The collection of Scythian golden articles from the burial hills Arjaan-1 and Arjaan-2 is probably the most unique exhibit in the National Museum. The burial hills Arjaan-1 and Arjaan-2 were excavated in the Valley of the Kings in Tuva at the beginning of the 2000s.
The grave Arjaan-2 is dated to the 6th-5th century B.C. About 9,000 gold ornaments and articles weighing in total over 20 kilograms of gold of two nine fineness were taken from the burial hill. Scientists believe that Arjaan-2 was a burial hill of a married couple from the Scythian elite. A massive torc (a symbol of power) and Scythian headdresses decorated with golden plates in the form of horses and deer, as well as iron weapons inlaid with gold, were found there.
Out of the public eye, this collection is called «the most important archaeological discovery of the 21st century». Having studied them, one of the heads of the expedition that discovered the articles, the Hermitage senior researcher Konstantin Chugunov, pointed out that the age of the discovered grave raises questions about the theory of the Black Sea origin of the Scythians. Central Asia could be their motherland.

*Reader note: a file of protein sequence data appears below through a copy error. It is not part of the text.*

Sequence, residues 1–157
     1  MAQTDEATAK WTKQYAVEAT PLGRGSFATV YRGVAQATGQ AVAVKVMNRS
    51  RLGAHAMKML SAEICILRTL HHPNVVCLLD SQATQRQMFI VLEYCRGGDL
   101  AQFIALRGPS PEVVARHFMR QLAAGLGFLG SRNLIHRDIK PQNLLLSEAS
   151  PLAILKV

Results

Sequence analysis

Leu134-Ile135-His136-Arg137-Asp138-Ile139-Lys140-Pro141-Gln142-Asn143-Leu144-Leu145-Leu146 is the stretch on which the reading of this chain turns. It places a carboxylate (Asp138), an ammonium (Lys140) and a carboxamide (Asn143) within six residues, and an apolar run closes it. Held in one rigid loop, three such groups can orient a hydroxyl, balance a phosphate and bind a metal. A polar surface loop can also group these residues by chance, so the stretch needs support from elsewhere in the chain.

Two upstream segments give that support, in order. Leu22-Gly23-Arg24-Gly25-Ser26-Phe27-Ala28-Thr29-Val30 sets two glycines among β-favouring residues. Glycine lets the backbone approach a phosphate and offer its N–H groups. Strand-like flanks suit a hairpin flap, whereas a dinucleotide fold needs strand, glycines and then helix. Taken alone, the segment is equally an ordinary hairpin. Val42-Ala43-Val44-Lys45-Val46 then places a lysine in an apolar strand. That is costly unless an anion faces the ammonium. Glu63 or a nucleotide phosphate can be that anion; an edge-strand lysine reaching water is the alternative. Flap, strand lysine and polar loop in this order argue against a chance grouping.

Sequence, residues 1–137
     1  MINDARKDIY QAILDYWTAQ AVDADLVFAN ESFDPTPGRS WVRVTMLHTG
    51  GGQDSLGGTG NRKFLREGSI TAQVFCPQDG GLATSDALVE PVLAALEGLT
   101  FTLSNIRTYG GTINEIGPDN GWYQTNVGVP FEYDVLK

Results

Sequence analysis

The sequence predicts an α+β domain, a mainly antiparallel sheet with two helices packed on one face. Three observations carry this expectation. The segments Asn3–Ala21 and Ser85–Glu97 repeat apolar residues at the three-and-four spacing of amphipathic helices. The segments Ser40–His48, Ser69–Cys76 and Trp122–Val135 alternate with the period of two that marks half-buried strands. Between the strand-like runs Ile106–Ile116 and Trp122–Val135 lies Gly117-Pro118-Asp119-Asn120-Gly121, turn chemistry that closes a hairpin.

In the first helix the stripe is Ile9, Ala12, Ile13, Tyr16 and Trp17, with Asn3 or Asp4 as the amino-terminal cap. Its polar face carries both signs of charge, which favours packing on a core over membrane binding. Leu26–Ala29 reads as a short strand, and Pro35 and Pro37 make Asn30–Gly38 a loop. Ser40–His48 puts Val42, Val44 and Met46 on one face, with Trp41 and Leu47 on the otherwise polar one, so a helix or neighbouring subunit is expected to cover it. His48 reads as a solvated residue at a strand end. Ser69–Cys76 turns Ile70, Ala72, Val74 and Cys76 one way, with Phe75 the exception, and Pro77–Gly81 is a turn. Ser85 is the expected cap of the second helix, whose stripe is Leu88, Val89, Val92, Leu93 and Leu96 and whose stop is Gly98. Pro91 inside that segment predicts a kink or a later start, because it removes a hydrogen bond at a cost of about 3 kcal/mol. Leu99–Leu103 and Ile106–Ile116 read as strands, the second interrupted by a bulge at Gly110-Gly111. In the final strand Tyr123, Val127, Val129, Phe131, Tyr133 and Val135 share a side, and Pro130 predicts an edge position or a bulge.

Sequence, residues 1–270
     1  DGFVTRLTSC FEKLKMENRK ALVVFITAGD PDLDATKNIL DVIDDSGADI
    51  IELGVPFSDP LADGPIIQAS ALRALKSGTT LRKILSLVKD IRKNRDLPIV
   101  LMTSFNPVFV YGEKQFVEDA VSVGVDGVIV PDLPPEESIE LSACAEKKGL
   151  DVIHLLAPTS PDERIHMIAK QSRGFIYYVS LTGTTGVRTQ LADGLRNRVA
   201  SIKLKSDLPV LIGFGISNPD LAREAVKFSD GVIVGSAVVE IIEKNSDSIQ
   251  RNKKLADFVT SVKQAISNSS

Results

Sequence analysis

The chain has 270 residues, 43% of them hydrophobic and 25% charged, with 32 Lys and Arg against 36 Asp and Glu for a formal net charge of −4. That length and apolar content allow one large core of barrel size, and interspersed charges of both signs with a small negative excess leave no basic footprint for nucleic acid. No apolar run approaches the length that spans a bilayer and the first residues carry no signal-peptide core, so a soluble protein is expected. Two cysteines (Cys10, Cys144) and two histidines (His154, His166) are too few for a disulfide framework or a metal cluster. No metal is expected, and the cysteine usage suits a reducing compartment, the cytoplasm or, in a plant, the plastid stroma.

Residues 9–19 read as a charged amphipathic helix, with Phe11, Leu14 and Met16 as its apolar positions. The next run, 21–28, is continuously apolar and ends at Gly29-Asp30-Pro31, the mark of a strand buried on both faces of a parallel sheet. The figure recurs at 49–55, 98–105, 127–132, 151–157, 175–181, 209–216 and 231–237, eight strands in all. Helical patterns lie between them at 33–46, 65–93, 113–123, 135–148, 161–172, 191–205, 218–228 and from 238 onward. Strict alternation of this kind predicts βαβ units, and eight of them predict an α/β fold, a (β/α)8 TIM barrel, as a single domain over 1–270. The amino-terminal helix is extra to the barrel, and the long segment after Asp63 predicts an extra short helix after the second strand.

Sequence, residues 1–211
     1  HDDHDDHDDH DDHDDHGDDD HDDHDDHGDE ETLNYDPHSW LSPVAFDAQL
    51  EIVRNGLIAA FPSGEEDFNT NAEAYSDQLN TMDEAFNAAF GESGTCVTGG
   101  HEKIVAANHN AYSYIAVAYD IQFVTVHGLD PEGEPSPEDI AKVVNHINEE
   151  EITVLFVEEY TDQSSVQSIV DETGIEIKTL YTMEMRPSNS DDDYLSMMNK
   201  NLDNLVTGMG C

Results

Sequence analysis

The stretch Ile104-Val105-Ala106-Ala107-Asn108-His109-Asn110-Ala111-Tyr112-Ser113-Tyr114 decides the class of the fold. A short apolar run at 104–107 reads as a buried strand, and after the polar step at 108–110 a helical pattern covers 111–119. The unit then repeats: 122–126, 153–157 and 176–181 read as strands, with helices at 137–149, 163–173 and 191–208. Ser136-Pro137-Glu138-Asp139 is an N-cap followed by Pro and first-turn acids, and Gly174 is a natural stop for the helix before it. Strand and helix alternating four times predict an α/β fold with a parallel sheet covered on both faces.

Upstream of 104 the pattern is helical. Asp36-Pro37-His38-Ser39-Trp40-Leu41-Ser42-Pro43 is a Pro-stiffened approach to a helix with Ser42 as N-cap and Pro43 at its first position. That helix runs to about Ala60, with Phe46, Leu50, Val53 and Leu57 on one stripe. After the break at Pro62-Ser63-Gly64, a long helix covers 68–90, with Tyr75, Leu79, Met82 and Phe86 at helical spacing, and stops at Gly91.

In March 2004, articles from the collection were presented at an exhibition in the Hermitage, and in 2006-2008, the collection toured Germany. In 2008, the year of the opening of the new building of Aldan-Maadyr National Museum, the collection returned to the museum. The Scythian gold is placed in the museum in the bulletproof showcases in halls with cutting-edge security systems.
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